Research Brief

School-based mental health services can improve the well-being of children and adolescents

School counselor smiling at student in an office
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Mental health in young people across the U.S. is suffering: rates of anxiety, depression and other mental health challenges remain high, and suicide is the second-leading cause of death. To address these challenges, school-based mental health (SBMH) services are being offered by some school districts as a way to identify and treat children and adolescents who may not have access to other mental health services.

Schools may provide mental health support via school counselors, social workers and, in some cases, psychologists, but these resources are frequently limited, and many schools report lacking the capacity to deliver adequate services. The SBMH model aims to provide a higher level of support by placing licensed mental health clinicians who work for mental health agencies directly in schools, complementing the existing capacity of school counselors and social workers.

While proponents argue the SBMH model has several advantages — school staff can identify potential problems quickly; students can connect with services more easily; and students who are uninsured or face other barriers can access treatment, improving equity in access to care — evidence of the causal effects of SBMH services has been limited.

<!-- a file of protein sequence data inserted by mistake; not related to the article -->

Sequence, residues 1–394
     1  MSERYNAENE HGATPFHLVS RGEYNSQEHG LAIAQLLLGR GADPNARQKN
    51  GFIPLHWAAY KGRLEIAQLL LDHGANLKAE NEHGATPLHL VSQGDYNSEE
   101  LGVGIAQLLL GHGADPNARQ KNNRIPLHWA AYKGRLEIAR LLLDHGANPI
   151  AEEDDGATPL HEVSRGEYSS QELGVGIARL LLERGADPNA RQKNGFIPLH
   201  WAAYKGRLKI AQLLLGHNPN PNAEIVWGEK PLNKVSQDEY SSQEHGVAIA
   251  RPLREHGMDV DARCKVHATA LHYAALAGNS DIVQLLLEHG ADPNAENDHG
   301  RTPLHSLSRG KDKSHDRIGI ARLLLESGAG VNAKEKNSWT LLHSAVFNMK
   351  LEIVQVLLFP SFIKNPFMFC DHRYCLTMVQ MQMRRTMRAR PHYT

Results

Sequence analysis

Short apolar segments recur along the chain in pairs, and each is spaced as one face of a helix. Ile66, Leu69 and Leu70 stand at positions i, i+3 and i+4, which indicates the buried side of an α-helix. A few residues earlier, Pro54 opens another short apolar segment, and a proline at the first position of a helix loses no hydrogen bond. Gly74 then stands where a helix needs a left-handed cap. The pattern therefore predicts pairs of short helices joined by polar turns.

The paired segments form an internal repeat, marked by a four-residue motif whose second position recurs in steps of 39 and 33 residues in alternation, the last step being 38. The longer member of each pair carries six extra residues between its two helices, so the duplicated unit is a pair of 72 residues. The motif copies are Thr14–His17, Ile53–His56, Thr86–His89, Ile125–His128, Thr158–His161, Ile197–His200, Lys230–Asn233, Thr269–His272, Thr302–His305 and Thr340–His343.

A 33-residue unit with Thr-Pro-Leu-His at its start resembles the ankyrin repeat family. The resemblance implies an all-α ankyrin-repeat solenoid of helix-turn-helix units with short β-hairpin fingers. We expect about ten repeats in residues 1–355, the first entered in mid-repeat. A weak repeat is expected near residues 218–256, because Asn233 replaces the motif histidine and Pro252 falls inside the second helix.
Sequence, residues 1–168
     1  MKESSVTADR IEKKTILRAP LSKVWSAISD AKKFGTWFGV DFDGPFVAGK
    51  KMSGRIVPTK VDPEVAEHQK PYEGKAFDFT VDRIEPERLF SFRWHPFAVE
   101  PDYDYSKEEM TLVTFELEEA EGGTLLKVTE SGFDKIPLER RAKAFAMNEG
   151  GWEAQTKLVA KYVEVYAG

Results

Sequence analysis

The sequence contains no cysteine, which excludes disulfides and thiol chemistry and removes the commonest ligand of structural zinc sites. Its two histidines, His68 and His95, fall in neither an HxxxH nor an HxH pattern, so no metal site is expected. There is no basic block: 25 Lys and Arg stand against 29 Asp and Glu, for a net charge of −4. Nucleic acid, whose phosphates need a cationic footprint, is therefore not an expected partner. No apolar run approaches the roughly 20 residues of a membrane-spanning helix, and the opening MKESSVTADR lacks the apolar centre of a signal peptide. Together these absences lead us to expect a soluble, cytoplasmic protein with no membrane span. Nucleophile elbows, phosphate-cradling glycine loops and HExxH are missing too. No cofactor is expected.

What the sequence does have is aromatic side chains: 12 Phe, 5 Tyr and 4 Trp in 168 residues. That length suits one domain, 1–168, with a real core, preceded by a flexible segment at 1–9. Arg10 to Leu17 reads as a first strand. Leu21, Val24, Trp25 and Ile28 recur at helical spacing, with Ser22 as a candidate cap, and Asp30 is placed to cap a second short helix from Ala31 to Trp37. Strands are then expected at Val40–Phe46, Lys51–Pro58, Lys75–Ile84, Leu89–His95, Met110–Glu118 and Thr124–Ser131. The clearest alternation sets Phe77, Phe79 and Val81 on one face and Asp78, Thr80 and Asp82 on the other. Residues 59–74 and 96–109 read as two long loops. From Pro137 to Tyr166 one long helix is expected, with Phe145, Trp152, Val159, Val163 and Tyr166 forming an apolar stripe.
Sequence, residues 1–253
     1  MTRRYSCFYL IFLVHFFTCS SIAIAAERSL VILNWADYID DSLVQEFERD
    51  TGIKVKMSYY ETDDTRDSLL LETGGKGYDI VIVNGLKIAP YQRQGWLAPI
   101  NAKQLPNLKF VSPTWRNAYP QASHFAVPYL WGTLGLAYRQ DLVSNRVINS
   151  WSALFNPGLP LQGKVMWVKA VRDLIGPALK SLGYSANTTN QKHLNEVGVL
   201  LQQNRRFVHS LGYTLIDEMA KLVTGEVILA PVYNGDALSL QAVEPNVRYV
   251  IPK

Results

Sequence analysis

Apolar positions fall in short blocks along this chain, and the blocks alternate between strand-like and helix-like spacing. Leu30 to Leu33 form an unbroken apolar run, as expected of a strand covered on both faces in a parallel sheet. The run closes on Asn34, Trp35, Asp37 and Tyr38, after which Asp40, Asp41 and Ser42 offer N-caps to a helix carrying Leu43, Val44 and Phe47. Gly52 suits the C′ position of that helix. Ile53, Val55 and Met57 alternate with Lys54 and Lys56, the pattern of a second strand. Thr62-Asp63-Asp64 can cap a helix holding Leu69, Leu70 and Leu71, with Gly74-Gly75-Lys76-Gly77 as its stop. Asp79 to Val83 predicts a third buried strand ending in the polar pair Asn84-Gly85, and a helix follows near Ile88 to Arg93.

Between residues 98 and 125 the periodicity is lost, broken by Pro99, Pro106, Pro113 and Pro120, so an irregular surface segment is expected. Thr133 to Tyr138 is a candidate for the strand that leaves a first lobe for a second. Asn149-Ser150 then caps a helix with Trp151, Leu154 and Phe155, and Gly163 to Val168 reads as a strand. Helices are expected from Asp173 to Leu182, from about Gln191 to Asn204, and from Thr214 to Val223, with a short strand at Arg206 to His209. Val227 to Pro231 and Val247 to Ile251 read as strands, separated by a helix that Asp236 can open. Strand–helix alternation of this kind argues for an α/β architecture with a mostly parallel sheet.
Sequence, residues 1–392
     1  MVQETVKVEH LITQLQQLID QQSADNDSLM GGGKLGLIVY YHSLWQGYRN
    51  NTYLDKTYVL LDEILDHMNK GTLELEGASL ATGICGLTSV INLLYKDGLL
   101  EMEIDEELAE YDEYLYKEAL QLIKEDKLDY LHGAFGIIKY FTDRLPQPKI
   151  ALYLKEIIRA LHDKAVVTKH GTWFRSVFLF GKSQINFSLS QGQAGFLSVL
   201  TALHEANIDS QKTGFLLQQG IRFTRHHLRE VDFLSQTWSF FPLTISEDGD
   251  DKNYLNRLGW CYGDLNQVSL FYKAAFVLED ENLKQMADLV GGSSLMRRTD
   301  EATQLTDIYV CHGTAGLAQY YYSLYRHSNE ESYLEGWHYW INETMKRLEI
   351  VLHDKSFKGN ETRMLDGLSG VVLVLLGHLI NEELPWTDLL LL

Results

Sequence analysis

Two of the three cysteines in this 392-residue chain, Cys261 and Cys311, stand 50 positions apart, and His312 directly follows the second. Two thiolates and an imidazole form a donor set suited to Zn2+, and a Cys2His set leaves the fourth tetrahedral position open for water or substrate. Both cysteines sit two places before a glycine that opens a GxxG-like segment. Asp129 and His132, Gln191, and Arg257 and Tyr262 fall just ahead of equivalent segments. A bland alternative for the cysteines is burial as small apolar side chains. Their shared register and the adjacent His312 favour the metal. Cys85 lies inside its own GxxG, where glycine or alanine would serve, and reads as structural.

A new study from the University of Minnesota School of Public Health (SPH), published in the Journal of Human Resources, addresses this gap. Researchers studied data from 263 K-12 schools in Minnesota’s Hennepin County, many of which implemented SBMH between 2001 and 2019. The study found:

  • The SBMH program increased students’ access to mental health services by 8%. 
  • Rates of attempted suicide decreased by 15%, averting approximately 260 self-reported suicide attempts per year.

Recent estimates suggest approximately one in five U.S. adolescents in 2021 had a major depressive disorder and that fewer than half of adolescents who needed treatment were able to access treatment services.

“There is a clear need for additional mental health resources for children and adolescents in the U.S.,” says Ezra Golberstein, an associate professor at SPH and lead author of the study. “School-based mental health cannot solve all mental health, behavioral and learning challenges, but this study is evidence that it can be a valuable investment in the well-being of children and adolescents.”

The study noted that the annual cost of the SBMH program was about $117 per student, costs that were covered by state grant funds and health insurance (if the student was covered by insurance).

Study co-authors are Irina Zainullina from the University of Minnesota Department of Applied Economics, Aaron Sojourner from the W. E. Upjohn Institute for Employment Research and Mark A. Sander from Hennepin County and Minneapolis Public Schools. 

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